Re: Code Review: zlib

Hi Michael,

Thanks so much for sending in this patch! I did a high-level review of
the code (I didn’t attempt to analyze the algorithms that you’re using)
for compatibility with the rest of the codebase, style, invariants etc.

I’m attaching a diff to this mail so that folks can follow along with
the discussion. Note that the diff isn’t quite as useful as it might be
in this case because the code formatting was different on the way in.

In the future, we can do a more detailed review of the algorithms but
for now let’s just treat it as a black box.

Overall I think it’s awesome that it works as advertised. There’s just
some work that needs to be done to make sure that the methods follow
Ruby semantics.

I intend to check this code in as-is for the time being since we don’t
have any tests that exercise it in our current test matrix. This should
make it easier for folks to work on it instead of shipping around patch
files on mailing lists. ETA should be tomorrow on this check-in.

General comments:

  1. Attach our standard MsPL copyright header to the top of files
  2. Follow standard .NET naming conventions (PascalCaseMethodsAndClasses,
    _instanceMembers). This is really easy to fix after the fact via VS
    refactoring tools, but it’s a matter of who does the work :slight_smile:
  3. Please spend some time thinking about your invariants, and in
    particular your non-nullable reference types (that’s what the /!/
    annotations mean). This will help you think about cases where you need
    to add explicit null checks vs. cases where you don’t.
  4. Consider using #region to group chunks of code together
  5. If there’s more work or missing work, a few TODO comments would help
    guide folks reading the code.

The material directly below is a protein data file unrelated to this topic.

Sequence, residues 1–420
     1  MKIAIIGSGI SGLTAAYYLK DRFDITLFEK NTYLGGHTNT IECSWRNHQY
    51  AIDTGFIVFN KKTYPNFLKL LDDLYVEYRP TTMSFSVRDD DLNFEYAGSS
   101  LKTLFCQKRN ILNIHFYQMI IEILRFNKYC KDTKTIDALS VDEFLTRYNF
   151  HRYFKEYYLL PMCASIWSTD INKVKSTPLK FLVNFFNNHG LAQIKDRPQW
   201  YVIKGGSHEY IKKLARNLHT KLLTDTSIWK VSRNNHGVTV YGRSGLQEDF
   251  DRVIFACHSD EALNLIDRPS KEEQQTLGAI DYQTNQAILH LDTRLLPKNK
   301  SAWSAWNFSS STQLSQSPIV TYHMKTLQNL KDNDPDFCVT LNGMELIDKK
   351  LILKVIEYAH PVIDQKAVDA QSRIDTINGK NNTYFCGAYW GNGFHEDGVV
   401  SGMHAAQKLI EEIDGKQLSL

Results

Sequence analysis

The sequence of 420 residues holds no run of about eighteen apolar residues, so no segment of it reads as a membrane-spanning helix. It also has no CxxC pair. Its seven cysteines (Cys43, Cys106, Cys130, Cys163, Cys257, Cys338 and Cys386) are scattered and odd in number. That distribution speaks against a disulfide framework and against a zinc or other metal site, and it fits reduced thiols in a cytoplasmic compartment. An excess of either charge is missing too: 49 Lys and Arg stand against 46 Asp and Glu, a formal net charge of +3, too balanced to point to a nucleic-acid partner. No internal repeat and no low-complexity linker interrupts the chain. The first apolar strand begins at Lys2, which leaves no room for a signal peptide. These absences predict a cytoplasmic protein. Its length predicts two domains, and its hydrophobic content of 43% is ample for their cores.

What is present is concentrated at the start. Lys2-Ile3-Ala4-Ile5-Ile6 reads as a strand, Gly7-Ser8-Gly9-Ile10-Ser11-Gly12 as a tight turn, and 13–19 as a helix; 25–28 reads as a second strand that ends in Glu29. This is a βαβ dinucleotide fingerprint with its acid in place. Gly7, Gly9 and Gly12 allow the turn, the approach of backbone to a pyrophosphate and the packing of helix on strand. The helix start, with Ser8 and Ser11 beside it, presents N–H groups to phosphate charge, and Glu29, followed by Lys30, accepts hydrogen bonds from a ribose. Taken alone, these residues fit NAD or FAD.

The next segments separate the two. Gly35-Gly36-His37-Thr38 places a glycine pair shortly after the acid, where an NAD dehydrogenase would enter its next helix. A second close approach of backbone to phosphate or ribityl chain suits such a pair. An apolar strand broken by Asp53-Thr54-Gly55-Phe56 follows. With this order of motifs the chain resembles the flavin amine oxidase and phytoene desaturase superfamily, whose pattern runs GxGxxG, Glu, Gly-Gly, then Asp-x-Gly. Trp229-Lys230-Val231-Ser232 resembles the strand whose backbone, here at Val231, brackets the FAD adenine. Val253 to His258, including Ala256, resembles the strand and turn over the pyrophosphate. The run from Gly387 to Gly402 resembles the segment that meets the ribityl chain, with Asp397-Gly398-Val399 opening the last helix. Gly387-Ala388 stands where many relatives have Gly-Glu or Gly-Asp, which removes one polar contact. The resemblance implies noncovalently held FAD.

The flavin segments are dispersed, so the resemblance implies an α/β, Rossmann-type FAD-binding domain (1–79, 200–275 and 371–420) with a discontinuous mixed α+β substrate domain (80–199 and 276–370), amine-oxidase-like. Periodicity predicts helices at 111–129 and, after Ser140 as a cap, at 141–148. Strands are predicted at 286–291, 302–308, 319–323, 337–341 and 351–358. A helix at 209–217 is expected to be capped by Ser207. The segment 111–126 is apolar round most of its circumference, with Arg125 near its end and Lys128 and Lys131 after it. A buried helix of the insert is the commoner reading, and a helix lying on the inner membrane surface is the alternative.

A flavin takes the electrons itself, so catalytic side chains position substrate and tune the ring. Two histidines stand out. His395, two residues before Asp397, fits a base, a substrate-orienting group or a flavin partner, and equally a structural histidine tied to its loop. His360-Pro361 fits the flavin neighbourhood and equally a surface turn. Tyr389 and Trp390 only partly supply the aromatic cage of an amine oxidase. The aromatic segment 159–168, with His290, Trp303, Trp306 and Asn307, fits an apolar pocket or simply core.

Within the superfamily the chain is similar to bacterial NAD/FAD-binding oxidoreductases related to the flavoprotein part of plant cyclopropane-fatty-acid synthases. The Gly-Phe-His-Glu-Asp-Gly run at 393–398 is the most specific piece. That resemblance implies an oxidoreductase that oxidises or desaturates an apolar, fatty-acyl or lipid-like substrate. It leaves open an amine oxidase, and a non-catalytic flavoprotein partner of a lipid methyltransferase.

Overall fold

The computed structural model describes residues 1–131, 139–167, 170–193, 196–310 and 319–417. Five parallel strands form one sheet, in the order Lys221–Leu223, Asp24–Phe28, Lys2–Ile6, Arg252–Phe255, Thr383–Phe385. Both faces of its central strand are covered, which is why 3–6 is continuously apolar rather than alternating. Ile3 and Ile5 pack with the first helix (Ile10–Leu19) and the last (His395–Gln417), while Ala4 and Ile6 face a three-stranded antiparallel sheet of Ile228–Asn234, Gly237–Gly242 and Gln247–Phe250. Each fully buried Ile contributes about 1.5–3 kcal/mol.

6. PLEASE format your code the way the rest of the source code is
    formatted, since this will make diffs on code reviews much more readable
    (there’s way too much noise in this diff).

Specific comments:

  1. Using “initialize” to initialize your .NET invariants is a bad idea -
    someone could override initialize and invalidate your invariants. Move
    those things to a constructor instead.

Instead of:

        [RubyMethod("initialize")]
        public static ZStream/*!*/ Initialize(ZStream/*!*/ self) {
            self._outPos = -1;
            self._inPos = -1;
            self._bitBucket = 0;
            self._bitCount = 0;
            self._inputBuffer = new List<byte>();
            self._outputBuffer = new List<byte>();
            return self;
        }

Do:

        public ZStream() {
            _outPos = -1;
            _inPos = -1;
            _bitBucket = 0;
            _bitCount = 0;
            _inputBuffer = new List<byte>();
            _outputBuffer = new List<byte>();
        }
  1. The HuffmanTree class:

a) does not appear to be a Ruby class
b) should use properties with backing private fields

  1. The GzipReader#open instance method:

This appears to be a private instance method in Ruby. You had it defined
as a public instance method that creates a new instance of GZipReader. I
doubt that this is correct. I suspect that it is used to initialize the
current instance of GZipReader to the IO object that is passed in.

I believe that the code that you have in the GZipReader’s constructor
should be moved to this method.

  1. The GzipReader.open singleton methods:

You only have a single overload that handles the MutableString case. In
most cases, Ruby libraries will do an implicit conversion via to_str on
any arbitrary object that is passed in as a parameter. You’ll need to
use the [NotNull] attribute to force the call to the overload that
accepts object for the case where the caller passes in nil.

Instead of:

public static GZipReader Open(CodeContext/!/ context, RubyClass/!/
self, MutableString/!/ filename) { … }

Do

public static GZipReader Open(CodeContext/!/ context, RubyClass/!/
self, [NotNull]MutableString/!/ filename) { … }

public static GZipReader Open(CodeContext/!/ context, RubyClass/!/
self, object filename) {
return Open(context, self, Protocols.CastToString(context, filename));
}

  1. The block method overload of GzipReader.open()

The signature wasn’t correct - the correct signature is:

public static void Open(CodeContext/!/ context, RubyClass/!/ self,
BlockParam block, [NotNull]MutableString/!/ filename)

There were a few other problems in the original implementation

a) allocate just allocates memory - it doesn’t call initialize to
initialize a new instance of a specific class; you’ll need to invoke new
on that class.
b) open is a private instance method, so you won’t need to invoke it via
a site

Tests:

I still have to sync to the latest rubinius specs which has a spec suite
for zlib.

Thanks,
-John

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